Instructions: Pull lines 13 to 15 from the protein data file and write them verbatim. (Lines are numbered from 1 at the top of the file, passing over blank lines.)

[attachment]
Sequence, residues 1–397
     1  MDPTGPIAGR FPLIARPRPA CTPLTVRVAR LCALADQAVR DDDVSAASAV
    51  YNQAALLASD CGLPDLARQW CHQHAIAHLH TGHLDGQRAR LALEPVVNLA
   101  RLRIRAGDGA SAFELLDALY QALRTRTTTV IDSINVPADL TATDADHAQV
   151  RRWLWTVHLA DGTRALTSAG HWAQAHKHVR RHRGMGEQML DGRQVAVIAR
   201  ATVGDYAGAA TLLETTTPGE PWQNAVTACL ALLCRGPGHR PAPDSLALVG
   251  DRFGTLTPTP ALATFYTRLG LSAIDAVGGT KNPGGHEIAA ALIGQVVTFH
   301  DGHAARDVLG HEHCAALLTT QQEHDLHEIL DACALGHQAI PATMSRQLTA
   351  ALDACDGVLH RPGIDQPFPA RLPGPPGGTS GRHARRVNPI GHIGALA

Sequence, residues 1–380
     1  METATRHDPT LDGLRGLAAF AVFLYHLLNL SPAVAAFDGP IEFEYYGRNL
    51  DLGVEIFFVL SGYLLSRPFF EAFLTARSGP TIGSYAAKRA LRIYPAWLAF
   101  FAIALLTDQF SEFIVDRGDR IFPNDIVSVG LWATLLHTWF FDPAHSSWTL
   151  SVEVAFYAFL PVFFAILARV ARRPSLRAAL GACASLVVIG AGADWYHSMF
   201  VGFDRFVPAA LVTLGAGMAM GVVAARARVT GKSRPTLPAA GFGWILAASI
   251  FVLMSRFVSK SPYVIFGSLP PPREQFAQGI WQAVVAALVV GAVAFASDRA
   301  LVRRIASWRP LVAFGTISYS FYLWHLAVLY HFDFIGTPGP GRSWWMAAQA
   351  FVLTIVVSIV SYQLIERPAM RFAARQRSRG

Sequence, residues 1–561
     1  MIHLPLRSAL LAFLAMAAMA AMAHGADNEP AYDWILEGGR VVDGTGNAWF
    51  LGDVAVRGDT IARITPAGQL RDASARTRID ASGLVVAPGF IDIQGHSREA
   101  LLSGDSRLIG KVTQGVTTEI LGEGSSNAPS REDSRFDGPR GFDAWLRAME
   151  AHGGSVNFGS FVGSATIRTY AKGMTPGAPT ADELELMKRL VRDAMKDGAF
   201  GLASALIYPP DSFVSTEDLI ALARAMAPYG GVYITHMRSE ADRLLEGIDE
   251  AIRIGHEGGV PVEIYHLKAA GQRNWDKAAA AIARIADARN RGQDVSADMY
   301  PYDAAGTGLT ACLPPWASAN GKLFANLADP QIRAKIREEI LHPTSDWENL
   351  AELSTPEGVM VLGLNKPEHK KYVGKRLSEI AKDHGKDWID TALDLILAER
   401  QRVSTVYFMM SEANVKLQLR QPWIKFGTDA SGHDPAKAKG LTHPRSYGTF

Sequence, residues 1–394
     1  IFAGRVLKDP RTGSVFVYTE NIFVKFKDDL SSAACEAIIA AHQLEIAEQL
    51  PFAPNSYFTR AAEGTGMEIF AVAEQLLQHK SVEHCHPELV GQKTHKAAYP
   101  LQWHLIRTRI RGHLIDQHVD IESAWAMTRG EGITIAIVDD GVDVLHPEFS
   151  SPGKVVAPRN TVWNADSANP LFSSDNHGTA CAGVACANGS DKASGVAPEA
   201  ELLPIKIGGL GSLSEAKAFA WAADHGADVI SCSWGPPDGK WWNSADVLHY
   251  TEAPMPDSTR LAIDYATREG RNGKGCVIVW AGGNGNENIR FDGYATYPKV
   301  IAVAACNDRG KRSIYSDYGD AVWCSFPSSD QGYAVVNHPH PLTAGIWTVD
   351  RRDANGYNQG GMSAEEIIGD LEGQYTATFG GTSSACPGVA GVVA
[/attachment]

   101  FAIALLTDQF SEFIVDRGDR IFPNDIVSVG LWATLLHTWF FDPAHSSWTL
   151  SVEVAFYAFL PVFFAILARV ARRPSLRAAL GACASLVVIG AGADWYHSMF
   201  VGFDRFVPAA LVTLGAGMAM GVVAARARVT GKSRPTLPAA GFGWILAASI